We know that Umbrella claims are often recognized much later than primary claims, and slow development pushes full claim recognition even further into the future. This is particularly true for carriers who don’t write the primary policy associated with the claim. Covid-related court delays in recent years may add to the volatility of Umbrella loss ratio indications. Accordingly, favorable Umbrella loss ratios in 2020‑2022 may not be indicative of a profitable product today.
- Chubb North America Commercial P&C recognized $96,000,000 of unfavorable development in 2022 from their Commercial Umbrella / excess portfolios, driven by higher-than-expected loss emergence and increases in their claims severity trend assumptions.5
- In their most recently approved Commercial Umbrella filing in Georgia, Liberty Mutual estimates expected loss ratio trend for Commercial Umbrella to be 15.5% annually.6
- Safeco’s February 2023 Personal Umbrella filing in Kansas notes that “Due to the increase in high severity auto losses being experienced across the industry, we must increase umbrella rates to ensure that we are able to pay future claims.”7
The Importance of a Healthy Umbrella Product
“We will address the Umbrella product in a year or two.”
“Our Umbrella product is so small compared to the rest of our portfolio.”
“Our company hasn’t had enough Umbrella losses to be concerned.”
These can be common reactions when the subject of Umbrella product updates is raised. Understandably, for many carriers the Umbrella product isn’t a top priority. Companies must weigh the repercussions of a poor Umbrella loss ratio against the effort required to maintain the product. What consequences might result from an increase in Umbrella loss activity? Could the health of a company’s balance sheet be at risk? Are ceding commissions susceptible to reduction on heavily reinsured Umbrella products? Will long-overdue filings asking for substantial rate increases be rejected? How will Umbrella insureds react to extreme premium or coverage changes?
Is there any product that remains strong over time when ignored? Umbrella requires the same attention as any other line of business.
Levers Available for Improving the Umbrella Loss Ratio
Rate increases are typically the first corrective action that comes to mind, and for a volatile product like Umbrella, producing reliable proof of rate need may seem formidable. Companies can cite severity trends, either in the industry or their own primary lines. Long overdue rate adjustments should be pointed out; compounding years of high severity loss trend with little-to-no-rate increases will automatically raise an Umbrella’s expected loss ratio. Are minimum premiums and ILFs adequate and comparable to those of peers?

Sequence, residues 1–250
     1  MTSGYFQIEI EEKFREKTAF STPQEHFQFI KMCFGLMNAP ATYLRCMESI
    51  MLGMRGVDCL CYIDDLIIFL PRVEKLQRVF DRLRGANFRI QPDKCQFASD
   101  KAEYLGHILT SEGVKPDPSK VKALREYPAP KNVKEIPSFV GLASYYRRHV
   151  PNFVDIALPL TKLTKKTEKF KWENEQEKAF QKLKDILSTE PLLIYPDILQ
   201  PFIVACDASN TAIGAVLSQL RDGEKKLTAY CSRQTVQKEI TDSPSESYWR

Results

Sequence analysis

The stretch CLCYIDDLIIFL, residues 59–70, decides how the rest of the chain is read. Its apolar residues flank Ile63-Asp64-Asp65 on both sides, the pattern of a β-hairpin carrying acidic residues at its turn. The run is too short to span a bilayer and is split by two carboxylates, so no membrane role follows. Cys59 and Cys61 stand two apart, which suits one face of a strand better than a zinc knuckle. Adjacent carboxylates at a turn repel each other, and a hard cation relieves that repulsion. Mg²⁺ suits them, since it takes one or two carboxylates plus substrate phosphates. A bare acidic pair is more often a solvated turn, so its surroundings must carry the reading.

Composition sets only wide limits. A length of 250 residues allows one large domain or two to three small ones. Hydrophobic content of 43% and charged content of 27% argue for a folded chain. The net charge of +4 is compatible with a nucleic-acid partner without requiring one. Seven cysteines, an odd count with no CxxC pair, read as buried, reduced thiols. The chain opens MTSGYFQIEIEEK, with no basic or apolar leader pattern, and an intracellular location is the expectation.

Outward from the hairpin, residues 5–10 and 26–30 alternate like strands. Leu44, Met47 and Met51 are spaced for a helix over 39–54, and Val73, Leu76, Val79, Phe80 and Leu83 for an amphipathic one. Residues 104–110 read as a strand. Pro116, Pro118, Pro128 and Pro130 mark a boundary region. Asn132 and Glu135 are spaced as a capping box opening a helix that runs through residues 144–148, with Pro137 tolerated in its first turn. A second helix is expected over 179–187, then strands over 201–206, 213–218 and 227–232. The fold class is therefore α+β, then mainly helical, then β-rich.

It can’t be overstated that it is much easier on state regulatory agencies, and insureds, if rates are adjusted routinely and incrementally, rather than drastically in reaction to intensifying loss activity.
Rates are not the only lever available to companies looking to strengthen their Umbrella loss ratios. Other options exist that may require less of a time commitment or fewer resources than a rate increase.
Raising required attachment points could go a long way toward improving Umbrella loss ratios. Higher underlying limits could be required for all Umbrella accounts, or only for tougher exposures like youthful and senior drivers on Personal Umbrellas, and large / heavy fleets for Commercial Umbrellas. Was it the 1980s when the standard underlying CGL limit for Commercial Umbrella increased to $1 million?
In several recently filed Personal Umbrella filings, RLI increased the required underlying auto liability limit to $500,000 BI each person / $500,000 BI each accident / $500,000 Property Damage. If insureds carry lower limits of $250,000 each person / $500,000 each accident, or $300,000 each person / $300,000 each accident a premium surcharge will apply.8
Another available lever is the amount of capacity being offered. Recognizing the existence of limits drift (the propensity for larger claim settlements to occur when larger limits are available) and higher severity trends, companies might consider restricting available capacity on accounts with large loss activity or more hazardous exposures.
Successfully underwriting Umbrella business requires recognition of severity exposure and the value of a company’s capacity. For underwriters who regularly handle primary lines of business this necessitates a mind shift away from frequency underwriting. Conducting Umbrella training might help underwriters more smartly deploy the Umbrella product.